More than a month after its premiere, Kingsman: The Secret Service is still third at the box office. The spy movie spoof starring Colin Firth and Samuel L. Jackson has cracked the $100 million mark in the domestic box office, and the enthusiastic reviews have continued rolling in. The movie’s staying power suggests a trend that the execs behind the film might not have expected: It’s reeling in a surprisingly large female audience, especially considering it was originally touted as counterprogramming for Fifty Shades of Grey.
In February, Twentieth Century Fox Distribution President Chris Aronson plainly told The Wrap that their strategy was “gunning for two quadrants”: younger and older men. Which is to say they didn’t really care if women showed up; they knew their audience, and they were catering to it. But then women comprised just under half of the audience at opening weekend. This isn’t the first time female audiences showed up to a comic book movie (the film is based on a comic book series called The Secret Service by Mark Millar and Dave Gibbons)—according to CinemaBlend, Marvel’s Guardians of the Galaxy had a 44 percent female audience last summer. The two films both include badass female characters and a cast with built-in fans, but they clearly have many differences. So how did a spy movie spoof featuring Colin Firth and a notably ill-conceived anal sex joke turn out to be such a hit across the board?
Part of the appeal of Kingsman is that it is as goofy as it is irreverent and self-aware. It’s been a hit not just across genders, but also across ages, because it offers something for so many different demographics. (The movie got an A CinemaScore with viewers under 25, an A- with viewers between 25 and 34, and a B+ overall, according to Deadline.) For those who would normally not be enamored with a “comic book movie,” there is a cast with serious gravitas: Colin Firth, Samuel L. Jackson and Michael Caine. Both Firth and Jackson’s roles subvert their personas—Firth plays the lethal badass, spy extraordinaire Harry Hart, while Jackson plays Richmond Valentine, a dayglow-sweatsuit-clad supervillain with a lisp, who largely relies on his female partner (played by Sofia Boutella) to do his dirty work for him because he’s too squeamish.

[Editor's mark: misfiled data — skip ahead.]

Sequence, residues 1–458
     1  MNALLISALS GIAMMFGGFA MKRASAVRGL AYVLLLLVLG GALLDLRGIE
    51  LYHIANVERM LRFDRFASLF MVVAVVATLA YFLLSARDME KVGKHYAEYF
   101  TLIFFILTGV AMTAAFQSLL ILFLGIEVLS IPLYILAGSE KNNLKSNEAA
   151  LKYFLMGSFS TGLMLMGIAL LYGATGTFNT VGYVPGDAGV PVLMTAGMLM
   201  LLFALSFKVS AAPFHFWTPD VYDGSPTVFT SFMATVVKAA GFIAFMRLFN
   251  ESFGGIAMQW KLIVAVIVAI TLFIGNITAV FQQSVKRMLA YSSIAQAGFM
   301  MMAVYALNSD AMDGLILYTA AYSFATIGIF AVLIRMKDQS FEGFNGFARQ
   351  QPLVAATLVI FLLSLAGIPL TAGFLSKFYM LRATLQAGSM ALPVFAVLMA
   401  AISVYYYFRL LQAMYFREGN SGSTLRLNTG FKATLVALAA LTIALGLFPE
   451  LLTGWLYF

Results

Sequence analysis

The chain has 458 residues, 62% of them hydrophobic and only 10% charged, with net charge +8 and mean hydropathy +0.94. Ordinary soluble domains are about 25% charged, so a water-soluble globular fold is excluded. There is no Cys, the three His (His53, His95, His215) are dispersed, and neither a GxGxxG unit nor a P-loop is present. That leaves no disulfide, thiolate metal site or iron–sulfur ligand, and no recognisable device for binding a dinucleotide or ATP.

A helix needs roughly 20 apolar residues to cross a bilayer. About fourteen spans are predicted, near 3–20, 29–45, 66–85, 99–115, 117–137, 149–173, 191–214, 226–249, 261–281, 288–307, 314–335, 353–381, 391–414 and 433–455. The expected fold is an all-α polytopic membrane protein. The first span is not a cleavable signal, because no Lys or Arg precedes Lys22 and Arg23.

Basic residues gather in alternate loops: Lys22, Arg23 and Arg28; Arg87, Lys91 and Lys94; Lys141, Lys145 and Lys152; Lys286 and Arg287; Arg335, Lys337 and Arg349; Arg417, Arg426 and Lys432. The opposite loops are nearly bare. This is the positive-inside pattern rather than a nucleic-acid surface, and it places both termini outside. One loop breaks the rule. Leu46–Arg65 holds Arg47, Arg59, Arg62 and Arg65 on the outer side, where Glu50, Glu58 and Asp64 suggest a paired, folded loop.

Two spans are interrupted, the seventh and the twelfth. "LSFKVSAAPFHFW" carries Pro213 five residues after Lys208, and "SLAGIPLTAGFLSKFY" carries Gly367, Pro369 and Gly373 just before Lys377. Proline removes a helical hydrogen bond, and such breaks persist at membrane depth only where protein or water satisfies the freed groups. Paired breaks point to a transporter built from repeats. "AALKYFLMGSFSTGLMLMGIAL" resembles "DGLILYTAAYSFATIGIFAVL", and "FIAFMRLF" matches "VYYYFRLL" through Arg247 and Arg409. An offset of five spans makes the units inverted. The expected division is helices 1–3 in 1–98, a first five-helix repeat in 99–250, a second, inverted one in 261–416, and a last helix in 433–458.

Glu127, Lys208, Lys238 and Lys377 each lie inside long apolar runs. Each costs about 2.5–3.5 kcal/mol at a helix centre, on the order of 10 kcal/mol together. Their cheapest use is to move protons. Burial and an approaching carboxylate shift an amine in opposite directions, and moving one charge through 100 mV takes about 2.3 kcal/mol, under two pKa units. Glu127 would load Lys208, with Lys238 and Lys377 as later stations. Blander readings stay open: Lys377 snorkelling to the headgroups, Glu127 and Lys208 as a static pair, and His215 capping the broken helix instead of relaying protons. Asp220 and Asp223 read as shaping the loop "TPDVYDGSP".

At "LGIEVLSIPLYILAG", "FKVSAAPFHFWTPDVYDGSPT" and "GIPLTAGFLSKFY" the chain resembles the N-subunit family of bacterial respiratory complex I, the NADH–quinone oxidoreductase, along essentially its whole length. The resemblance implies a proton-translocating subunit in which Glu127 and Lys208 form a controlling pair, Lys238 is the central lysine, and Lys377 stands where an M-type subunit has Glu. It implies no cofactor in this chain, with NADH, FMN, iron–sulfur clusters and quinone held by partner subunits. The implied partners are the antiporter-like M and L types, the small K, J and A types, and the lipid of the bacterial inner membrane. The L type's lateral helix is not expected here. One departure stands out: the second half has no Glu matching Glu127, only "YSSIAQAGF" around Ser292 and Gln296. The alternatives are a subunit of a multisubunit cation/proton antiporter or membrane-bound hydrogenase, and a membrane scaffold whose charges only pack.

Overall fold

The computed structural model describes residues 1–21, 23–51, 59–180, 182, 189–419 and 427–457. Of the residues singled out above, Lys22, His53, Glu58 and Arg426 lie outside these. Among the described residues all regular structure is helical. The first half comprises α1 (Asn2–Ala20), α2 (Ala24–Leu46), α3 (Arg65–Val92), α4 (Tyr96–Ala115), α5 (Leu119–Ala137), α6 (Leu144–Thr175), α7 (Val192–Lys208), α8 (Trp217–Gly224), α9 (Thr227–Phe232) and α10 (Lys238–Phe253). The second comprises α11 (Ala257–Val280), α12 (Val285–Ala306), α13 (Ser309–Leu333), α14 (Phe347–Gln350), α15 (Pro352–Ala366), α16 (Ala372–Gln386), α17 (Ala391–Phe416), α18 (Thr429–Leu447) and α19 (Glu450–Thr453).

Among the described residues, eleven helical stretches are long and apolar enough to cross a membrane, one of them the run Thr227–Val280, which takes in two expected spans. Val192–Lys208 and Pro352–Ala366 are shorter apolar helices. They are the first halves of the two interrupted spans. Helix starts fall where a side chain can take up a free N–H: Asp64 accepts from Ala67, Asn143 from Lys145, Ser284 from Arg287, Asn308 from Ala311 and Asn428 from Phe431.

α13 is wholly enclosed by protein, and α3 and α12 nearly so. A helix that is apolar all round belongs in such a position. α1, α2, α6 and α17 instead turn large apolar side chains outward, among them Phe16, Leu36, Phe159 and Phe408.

The movie’s biggest strength is how it manages to make everyone feel like they’re privy to the same inside joke. At one point, Valentine and Hart are sharing a nice nemesis dinner of McDonald’s in his lavish mansion when he asks, “Do you like spy movies, Mr. DeVille?” (Hart is still using an assumed identity.) Hart replies, “Nowadays, they’re all a little serious for my taste. But the old ones… marvelous. Give me a far-fetched theatrical plot any day.” Heh, heh. Nudge, nudge.
The movie’s success shows that Kingsman has widespread, generalized appeal, despite marketers’ straightforward pandering to male audiences. (Except kids, because oh man, that church scene is a Tarantino-level bloodbath.) But this should be a lesson for movie execs: Female audiences want their Fifty Shades and their Kingsman, too.